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Digital Pharma: Reacting to sidewiki

Published on 18/11/09 at 10:26am
Dominic Tyer
AstraZeneca's Google sidewiki entry

Over the last two months pharmaceutical company websites have been plagued by unwanted, un-moderated comments thanks to Google's sidewiki.

The search giant's universal access comment tool allows anyone to post anything on any website, and a handful of people have taken up the challenge to do just that on pharma sites.

Sidewiki was launched on 23 September and so far discussions about it have tended to focus on what to do if a sidewiki entry is posted on your site.

Sadly this somewhat misses the point, because the corporate websites of the vast majority of top-20 pharma companies have been steadily accruing a number sidewiki entries.

So there are comments shown on,, and so on. And it's not just pharma's corporate online presences that have been affected - disease awareness sites, product sites, even sites hosting pharma press releases have been similarly blighted.

But, finally, there was some action on the issue from one pharma major when AstraZeneca recently posted a sidewiki entry on its corporate site (first spotted by Mark Senak on his Eye on FDA blog).

Moreover they used the webmaster's right to claim the first entry and made it long enough to push subsequent sidewikis off the first page.

AstraZeneca says in its entry that sidewiki comments are not monitored and won't be replied to, and it links to various alternative ways for investors, journalists and the public to contact the company.

Truth be told this is the minimum pharma needs to do to address sidewiki, and the need for this kind of response has been obvious since sidewiki first emerged.

Nonetheless, AstraZeneca are to be applauded for being the first to get there - and being able to get IT and communications departments to agree on a plan of action.

However, it doesn't address sidewikis on their other sites, among them, and, highlighting the challenge pharma faces.

What to do about sidewiki

Until recently pharma's sidewiki entries have mainly been posted by one blogger, looking to challenge the industry to respond to reports of bad behaviour.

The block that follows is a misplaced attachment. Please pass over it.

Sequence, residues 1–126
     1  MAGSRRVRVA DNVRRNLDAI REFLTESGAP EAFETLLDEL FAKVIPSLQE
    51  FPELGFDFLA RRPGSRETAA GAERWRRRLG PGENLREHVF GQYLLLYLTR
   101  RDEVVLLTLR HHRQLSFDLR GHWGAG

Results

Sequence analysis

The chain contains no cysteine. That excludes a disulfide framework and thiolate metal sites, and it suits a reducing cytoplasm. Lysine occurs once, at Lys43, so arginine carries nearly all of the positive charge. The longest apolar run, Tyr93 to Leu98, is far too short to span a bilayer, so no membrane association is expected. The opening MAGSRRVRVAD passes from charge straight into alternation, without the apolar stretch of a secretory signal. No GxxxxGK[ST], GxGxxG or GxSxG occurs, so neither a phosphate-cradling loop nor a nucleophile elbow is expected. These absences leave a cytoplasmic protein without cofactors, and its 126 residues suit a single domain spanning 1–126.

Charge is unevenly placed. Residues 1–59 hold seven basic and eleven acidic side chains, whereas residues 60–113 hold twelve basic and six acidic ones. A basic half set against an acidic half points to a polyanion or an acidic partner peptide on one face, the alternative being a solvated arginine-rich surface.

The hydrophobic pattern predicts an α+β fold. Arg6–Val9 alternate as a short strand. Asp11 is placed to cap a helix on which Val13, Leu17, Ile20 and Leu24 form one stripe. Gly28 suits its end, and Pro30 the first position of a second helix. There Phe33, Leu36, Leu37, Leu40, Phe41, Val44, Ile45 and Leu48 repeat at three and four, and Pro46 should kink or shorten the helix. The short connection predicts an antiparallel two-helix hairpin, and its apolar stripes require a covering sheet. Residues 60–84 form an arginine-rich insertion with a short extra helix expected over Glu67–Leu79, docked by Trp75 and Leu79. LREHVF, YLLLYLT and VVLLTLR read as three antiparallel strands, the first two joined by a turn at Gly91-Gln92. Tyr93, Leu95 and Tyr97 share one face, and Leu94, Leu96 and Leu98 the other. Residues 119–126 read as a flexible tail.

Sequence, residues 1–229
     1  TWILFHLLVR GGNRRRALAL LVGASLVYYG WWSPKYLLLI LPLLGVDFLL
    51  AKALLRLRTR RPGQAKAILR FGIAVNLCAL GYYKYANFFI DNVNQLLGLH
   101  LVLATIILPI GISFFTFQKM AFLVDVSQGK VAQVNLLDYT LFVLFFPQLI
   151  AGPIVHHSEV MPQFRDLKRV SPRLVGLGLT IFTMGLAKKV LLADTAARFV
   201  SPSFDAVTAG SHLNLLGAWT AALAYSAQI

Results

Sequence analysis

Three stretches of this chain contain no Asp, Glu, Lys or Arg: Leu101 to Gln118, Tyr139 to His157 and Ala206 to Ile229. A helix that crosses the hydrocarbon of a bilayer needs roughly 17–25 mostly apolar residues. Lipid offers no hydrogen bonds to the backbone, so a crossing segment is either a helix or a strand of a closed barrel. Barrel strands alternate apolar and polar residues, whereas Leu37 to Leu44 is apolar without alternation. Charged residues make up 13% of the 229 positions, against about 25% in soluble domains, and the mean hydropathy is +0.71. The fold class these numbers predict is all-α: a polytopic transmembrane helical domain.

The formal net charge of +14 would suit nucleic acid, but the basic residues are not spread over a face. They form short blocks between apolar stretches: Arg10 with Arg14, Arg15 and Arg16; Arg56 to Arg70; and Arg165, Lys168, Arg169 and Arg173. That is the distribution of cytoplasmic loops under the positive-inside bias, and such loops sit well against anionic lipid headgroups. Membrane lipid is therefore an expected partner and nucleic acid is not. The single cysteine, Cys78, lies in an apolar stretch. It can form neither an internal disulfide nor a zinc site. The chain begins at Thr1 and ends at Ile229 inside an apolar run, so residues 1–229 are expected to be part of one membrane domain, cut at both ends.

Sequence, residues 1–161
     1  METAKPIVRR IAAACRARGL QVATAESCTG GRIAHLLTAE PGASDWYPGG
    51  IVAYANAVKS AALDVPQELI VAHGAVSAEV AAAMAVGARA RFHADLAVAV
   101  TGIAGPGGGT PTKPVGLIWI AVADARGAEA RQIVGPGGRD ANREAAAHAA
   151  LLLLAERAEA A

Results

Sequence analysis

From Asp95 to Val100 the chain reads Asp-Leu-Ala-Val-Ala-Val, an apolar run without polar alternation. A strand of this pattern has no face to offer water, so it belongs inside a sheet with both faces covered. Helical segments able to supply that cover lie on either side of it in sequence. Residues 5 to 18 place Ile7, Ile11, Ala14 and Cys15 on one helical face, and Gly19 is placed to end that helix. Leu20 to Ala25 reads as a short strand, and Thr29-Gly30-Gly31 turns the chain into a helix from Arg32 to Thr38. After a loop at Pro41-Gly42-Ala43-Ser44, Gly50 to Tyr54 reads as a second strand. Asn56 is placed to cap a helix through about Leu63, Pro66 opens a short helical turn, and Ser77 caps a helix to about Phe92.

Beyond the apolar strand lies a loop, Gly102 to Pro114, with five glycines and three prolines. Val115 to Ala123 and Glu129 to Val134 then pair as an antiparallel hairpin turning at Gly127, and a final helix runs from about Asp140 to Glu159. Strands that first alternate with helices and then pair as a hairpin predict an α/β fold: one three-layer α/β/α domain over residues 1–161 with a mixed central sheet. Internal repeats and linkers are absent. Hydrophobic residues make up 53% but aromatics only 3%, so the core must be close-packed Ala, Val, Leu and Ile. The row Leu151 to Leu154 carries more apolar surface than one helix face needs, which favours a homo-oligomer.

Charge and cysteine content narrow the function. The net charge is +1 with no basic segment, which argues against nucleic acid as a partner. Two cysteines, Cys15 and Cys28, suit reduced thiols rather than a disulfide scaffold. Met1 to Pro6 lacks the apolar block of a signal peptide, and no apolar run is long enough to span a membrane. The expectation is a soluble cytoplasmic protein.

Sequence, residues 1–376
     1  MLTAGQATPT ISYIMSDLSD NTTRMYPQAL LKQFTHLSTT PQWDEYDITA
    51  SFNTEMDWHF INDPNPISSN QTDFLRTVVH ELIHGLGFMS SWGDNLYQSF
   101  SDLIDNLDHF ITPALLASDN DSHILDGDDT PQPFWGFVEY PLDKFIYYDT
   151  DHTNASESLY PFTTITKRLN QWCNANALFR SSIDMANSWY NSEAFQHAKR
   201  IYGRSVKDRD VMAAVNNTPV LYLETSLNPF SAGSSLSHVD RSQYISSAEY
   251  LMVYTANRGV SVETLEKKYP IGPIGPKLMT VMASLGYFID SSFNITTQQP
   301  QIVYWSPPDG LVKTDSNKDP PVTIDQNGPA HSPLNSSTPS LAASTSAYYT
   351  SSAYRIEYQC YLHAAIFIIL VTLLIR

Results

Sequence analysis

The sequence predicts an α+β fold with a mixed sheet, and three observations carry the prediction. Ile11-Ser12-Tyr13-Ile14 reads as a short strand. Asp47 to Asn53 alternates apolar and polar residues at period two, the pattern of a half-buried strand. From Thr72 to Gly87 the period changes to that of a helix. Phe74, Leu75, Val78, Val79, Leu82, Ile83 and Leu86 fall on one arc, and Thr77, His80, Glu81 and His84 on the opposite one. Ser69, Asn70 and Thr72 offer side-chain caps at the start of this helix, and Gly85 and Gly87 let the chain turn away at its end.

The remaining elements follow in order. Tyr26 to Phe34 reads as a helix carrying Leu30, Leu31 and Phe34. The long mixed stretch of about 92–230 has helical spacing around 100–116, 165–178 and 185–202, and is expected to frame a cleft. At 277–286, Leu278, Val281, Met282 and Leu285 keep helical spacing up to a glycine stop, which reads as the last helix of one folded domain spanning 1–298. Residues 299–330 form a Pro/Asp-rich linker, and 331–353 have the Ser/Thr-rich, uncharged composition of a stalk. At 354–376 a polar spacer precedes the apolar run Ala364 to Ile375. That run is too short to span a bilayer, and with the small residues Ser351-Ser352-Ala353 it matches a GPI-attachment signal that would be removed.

Clearly, given the sort of sums of money pharma companies spend on their corporate and product branding, this is damaging - but it could be much worse. The industry does after all have some far more venomous critics.

I've characterised AstraZeneca's approach as the bare minimum pharma should do, but I don't mean to damn them by faint praise.

Pharma companies have multiple corporate, product and disease websites of their own and to police all of these and respond to comments would be simply be untenable. But to add a generic disclaimer entry, as AstraZeneca has done, at least shows you're aware of the technology and have a policy on it.

As was noted at last week's FDA hearing, the industry can't be expected to monitor and react to every website that mentions companies and their products, but these aren't just any websites, these are the companies' own ones.

For my money, sidewiki so far appears closer to virtual graffiti than anything else, and its technological requirements mean that it is not yet wholly visible.

But just as you wouldn't dream of leaving graffiti on your bricks and motor headquarters, neither should you ignore what is put on your online homes.


Google sidewiki is a free browser sidebar that enables you to contribute and read helpful information alongside any web page.

It's available in English and 12 other languages, including German, French, Spanish, Russian, Japanese and traditional Chinese.

To use sidewiki you need to have Internet Explorer (6+) or Firefox (2+) and then install the Google toolbar.

But anyone using Safari, Chrome or any other browser can still see sidewiki entries because most sidewikis come with a direct link to them.

Moreover, Google has thoughtfully included sharing options for Twitter, Facebook, Blogger and email, as well as creating a direct link for each entry.

So, if there is a sidewiki entry on your website it can be quickly shared online before you're even aware of it. My sidewiki entry on looks like this.

A person's sidewiki entries are listed in their Google Profile and you can embed YouTube video into a sidewiki entry.

Google has more information on sidewiki here, instructions on how to install its toolbar here and the lowdown on claiming the first sidewiki entry on your site here. This video demonstrates how it works (and the value it is supposed to bring to the web).

Dominic Tyer is web editor for Pharmafocus and and the author of the Digital Pharma blog. He can be contacted via email, Twitter or LinkedIn.

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